QReateBUZZ is a new service that helps you create QR codes for use on business cards, promotions, etc. They provide QR code creation tools plus the ability to manage multiple codes and an analytics tool (sample image below). The strength of the QReateBUZZ system is in the management and analytics – something many other QR code services don’t offer.
The interesting thing about QReateBUZZ is that it’s like using a hosted website (i.e. moo.hostedwebsite.com) — if that hosted website disappears, so does your site — same thing here. And this isn’t unique to QReateBUZZ, the issue would be present with any hosted company.
The service is free to use although I’d like a hosted model for a small fee. This hosted model would basically remedy the issue noted above. Here’s a sample screenshot from their analytics tool:
I’ve written about QR codes before and if you read CN, you know that I really hope the QR technology takes off in the U.S. as it has in other countries like Japan. You can see an example of a QR code (also known as 2d Barcode) on the left. Basically when you scan the code with a reader, it does something.
Today I came across, via Dean Collins, a record label using QR codes to get people offline to interact with their music. I’ve embedded a video below which describes how Lost Highway Records is using QR Codes. The video explains that they are using the codes to get people to a website where they can listen to their music, purchase full songs and find out information about upcoming concerts.
Check out the video and then think about how you can use QR codes for you and/or your clients. While I know the easy answer is that not enough handsets support the technology, adding the codes to your ads and promotional materials is easy – so why not capture those who can read the codes?
As some of you know, I am a big fan of QR 2D barcodes. Today LG and Scanbuy have announced that all LG camera phones will have the ScanLife 2D barcode application pre-installed on delivery. LG claims to have delivered 100 million handsets in 2008 although I don’t know what percentage were camera phones.
The ScanLife 2D barcode application reads all formats of 2D barcodes the company says so that means the new Microsoft Tag will also be supported. The nice thing about 2D barcodes is that they work worldwide. Let’s hope the other major mobile phone manufacturers follow suit and add a barcode reader by default as well.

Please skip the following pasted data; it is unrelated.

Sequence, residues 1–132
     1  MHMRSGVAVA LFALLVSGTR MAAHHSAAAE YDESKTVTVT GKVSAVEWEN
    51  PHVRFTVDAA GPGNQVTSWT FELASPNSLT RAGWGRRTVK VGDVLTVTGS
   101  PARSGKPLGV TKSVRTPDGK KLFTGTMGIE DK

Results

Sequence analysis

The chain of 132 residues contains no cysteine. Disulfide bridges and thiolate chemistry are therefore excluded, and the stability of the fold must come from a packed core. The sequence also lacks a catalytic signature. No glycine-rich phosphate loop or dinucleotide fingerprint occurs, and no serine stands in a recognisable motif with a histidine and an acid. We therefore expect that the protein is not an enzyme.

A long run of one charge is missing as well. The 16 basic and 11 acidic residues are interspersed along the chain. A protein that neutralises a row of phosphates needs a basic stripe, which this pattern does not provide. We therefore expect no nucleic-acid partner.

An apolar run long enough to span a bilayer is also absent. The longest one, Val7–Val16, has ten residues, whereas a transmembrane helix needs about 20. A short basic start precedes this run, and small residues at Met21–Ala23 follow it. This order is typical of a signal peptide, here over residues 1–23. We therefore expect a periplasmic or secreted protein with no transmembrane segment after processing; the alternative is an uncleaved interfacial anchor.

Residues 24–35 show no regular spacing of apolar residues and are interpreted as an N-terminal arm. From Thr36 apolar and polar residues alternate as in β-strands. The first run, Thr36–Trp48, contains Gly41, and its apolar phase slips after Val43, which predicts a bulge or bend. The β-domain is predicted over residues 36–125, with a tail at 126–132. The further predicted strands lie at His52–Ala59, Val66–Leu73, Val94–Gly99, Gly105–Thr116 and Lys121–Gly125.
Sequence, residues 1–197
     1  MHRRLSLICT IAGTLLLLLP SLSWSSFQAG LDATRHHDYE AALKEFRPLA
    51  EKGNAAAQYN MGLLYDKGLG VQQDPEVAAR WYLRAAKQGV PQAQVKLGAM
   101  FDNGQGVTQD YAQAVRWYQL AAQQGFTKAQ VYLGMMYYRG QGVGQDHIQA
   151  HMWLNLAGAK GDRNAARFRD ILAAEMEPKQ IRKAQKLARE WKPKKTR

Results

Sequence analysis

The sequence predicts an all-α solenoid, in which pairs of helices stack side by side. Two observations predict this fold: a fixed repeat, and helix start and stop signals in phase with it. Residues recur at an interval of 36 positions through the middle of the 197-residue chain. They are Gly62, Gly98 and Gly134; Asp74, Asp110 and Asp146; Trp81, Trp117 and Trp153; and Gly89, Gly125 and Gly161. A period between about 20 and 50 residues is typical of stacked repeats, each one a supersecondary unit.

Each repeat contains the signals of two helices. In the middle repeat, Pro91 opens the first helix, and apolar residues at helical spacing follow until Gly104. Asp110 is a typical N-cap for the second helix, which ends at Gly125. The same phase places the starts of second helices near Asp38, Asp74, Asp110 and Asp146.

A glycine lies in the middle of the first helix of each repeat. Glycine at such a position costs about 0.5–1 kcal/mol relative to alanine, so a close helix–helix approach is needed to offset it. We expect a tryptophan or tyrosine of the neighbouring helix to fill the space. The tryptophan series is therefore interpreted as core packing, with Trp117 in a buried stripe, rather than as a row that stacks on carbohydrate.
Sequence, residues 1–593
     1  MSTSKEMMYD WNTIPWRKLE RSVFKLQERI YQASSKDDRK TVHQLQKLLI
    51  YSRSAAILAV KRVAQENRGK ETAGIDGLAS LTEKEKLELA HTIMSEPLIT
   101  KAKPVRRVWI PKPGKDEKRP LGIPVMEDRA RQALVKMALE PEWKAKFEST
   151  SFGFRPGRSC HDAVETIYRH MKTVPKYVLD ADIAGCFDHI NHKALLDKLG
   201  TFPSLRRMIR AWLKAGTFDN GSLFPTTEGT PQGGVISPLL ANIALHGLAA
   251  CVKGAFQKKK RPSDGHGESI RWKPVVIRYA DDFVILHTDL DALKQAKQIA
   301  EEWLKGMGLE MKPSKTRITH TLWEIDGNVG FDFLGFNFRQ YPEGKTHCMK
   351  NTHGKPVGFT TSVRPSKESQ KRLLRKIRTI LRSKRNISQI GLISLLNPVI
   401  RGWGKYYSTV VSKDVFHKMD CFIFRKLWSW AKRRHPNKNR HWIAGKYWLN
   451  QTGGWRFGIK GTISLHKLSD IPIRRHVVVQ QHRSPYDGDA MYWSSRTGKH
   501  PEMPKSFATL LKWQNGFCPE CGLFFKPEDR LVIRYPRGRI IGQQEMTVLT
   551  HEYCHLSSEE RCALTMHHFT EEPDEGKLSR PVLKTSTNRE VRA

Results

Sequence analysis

Check out Satoko’s Japanese perspective on QR codes including some examples from popular companies including McDonalds.
Update: The 2d code blog says that there are no plans to support Microsoft Tag.
I was up very late last night and just before I shut down for the evening, I noticed a post by Mr. CES Robert Scoble pointing to a new launch by Microsoft called "Tag". Since that time, there have been over 60 comments discussing the Tag on Scoble’s post. If you regularly read CN, you know how much of a fan I am of QR Codes. There’s an example of a Microsoft Tag on the left – it’s got pretty colors and lots of triangles!
As an Internet marketer, I know how valuable mobile codes are around the world and how important they will be in the U.S. over the coming years. When I saw the Microsoft Tag, I was instantly disappointed because now we have yet another tagging technology to deal with. To some extent this is similar to the comparisons between Facebook Connect and OpenID. I haven’t heard anyone moaning that QR codes aren’t serving the needs of the community. The Microsoft Tag works just like a QR code works. You zap the tag with your mobile device and are taken to a site, promotion or application.
It appears the Microsoft Tag creation is free for now but eventually Microsoft will charge a fee to create a tag. What I wonder is how these tags change the cost of printing. A QR code can be printed in black/gray, this new Microsoft Tag needs full color which will certainly increase the cost of printing when black-only would have sufficed.
Long Zheng has a good comparison of the technical specifications between the Microsoft Tag and a QR code. Scoble says that the Microsoft Tag can be printed smaller and are more accurate.
I will be investigating these codes further as we support QR codes on CloudContacts for instant phone dialing. I doubt I would pay for code creation – especially when each person would have a unique code.